Hugh de Mapenor

Hugh de Mapenor (or Hugh de Mapenore; died April 1219) was a medieval Bishop of Hereford. Although educated and given the title of magister, or "master", the details of his schooling are unknown. Mapenor was a clerk for Giles de Braose, his predecessor as bishop. Later, Mapenor served as Dean of Hereford before being elected as bishop against the wishes of King John of England. During his short episcopate, he supported John's son and successor King Henry III of England, and was active in his diocese, as a number of surviving documents show. He also served as a diplomat for the king.

Hugh de Mapenor
Bishop of Hereford
Hereford Cathedral.jpg
Exterior view of Hereford Cathedral, where Mapenor is buried.
Elected3 February 1216
Term endedApril 1219
PredecessorGiles de Braose
SuccessorHugh Foliot
Other postsDean of Hereford
Consecration18 December 1216
by Sylvester, Bishop of Worcester
Personal details
DiedApril 1219
BuriedHereford Cathedral

Early lifeEdit

Mapenor was the son of Robert de Mapenore and his wife Matilda, who lived in Herefordshire at Hampton, Herefordshire near Leominster.[1] Where or how he was educated is unknown, but he was given the title of magister, which implies he studied at some school and attained a degree of education.[2]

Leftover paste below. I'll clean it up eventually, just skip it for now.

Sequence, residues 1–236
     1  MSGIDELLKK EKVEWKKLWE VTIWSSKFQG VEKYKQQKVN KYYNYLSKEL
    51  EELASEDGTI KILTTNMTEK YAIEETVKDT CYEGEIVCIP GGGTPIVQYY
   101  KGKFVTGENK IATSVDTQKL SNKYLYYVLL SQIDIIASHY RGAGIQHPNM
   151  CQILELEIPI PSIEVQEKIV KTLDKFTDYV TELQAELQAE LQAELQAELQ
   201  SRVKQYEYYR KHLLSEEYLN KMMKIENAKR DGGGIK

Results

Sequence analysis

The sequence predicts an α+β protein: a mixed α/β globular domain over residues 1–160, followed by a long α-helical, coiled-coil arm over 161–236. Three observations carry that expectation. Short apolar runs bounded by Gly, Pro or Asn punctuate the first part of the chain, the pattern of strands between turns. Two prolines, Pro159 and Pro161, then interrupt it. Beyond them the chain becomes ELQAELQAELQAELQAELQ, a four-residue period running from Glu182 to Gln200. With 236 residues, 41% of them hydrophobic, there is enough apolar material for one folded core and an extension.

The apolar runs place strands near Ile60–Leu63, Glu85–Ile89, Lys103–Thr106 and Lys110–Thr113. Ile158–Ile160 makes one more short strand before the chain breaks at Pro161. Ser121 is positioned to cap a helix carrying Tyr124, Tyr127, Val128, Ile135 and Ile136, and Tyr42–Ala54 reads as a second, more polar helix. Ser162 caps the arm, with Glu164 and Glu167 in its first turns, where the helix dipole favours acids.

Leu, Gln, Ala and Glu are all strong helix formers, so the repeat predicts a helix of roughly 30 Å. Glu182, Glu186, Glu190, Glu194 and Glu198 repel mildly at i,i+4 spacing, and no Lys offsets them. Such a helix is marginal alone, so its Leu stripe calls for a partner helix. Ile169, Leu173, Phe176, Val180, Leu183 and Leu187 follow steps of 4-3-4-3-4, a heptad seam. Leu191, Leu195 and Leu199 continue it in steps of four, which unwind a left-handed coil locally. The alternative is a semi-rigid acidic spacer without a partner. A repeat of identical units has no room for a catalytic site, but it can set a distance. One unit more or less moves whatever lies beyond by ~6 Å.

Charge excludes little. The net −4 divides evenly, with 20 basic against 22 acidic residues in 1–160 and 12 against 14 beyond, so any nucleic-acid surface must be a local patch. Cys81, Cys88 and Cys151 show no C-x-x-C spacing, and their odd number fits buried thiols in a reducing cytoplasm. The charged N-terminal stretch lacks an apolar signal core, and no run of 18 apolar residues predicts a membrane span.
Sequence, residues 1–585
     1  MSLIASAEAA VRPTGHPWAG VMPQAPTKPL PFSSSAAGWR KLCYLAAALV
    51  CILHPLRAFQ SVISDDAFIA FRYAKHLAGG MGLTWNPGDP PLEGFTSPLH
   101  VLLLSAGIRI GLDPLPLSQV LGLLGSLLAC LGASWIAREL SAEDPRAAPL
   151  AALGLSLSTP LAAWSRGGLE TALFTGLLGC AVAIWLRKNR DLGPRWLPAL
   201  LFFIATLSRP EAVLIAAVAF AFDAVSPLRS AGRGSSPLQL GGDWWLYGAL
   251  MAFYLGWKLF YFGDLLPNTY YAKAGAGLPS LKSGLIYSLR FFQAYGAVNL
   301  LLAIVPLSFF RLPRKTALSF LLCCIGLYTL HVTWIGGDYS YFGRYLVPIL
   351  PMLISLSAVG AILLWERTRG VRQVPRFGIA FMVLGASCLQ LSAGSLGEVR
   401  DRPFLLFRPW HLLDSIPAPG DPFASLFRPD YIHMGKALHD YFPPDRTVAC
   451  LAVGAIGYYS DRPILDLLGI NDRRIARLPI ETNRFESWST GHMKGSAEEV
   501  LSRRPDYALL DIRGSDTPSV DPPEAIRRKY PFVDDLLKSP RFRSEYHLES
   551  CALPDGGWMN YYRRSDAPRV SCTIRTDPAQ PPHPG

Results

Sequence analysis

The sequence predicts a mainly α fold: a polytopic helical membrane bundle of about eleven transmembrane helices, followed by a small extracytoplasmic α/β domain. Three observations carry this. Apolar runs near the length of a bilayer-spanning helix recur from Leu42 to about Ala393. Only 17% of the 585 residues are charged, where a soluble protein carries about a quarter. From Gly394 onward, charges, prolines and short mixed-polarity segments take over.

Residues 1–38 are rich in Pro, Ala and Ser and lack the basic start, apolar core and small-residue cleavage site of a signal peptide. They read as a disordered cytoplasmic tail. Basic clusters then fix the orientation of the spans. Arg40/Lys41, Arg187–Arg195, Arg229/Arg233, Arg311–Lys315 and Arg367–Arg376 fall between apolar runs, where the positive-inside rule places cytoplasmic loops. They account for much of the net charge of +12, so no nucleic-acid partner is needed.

Mapenor served William de Braose as a clerk from 1189 to 1196, and then served William's son Giles de Braose, Bishop of Hereford. He occupied the office of Dean of Hereford before 29 September 1202.[3] During his time at Hereford, he was the subject of the Prose Salernitan Questions, which compared his sexual powers to three other clerks. He also served as a judge for the papacy and defended the cathedral chapter in two disputes over the chapter's rights.[2]

When the Braose family fled England in 1208, with Giles going to France and William going to Ireland, Mapenor left also, going to Ireland where he appears as a witness on documents of William de Braose's. It is unclear when he returned to England, but by January 1212 Mapenor was once more in Hereford.[2]

Bishop of HerefordEdit

Mapenor was elected to the see of Hereford on 3 February 1216.[4] Mapenor was elected by the cathedral chapter in spite of the fact that his name was not on the list of possible candidates given the chapter by King John of England.[2] The king objected to the election, and took the case to Pope Honorius III, but the king died before the case was decided.[1] John had objected because he claimed the cathedral chapter, who elected Mapenor, was excommunicate when they met for the election of the new bishop,[2] which would have made the election invalid. His election had been overseen by the papal legate Guala Bicchieri,[5] who was also assigned the case by the papacy after John objected. Bicchieri decided the case shortly after the death of John on the night of 18–19 October 1216, in Mapenor's favour. Mapenor gave Stephen Langton, the Archbishop of Canterbury, and Mapenor's ecclesiastical superior, a declaration of obedience on 27 October 1216,[2] and was consecrated on 18 December 1216[4] by Sylvester the Bishop of Worcester.[1]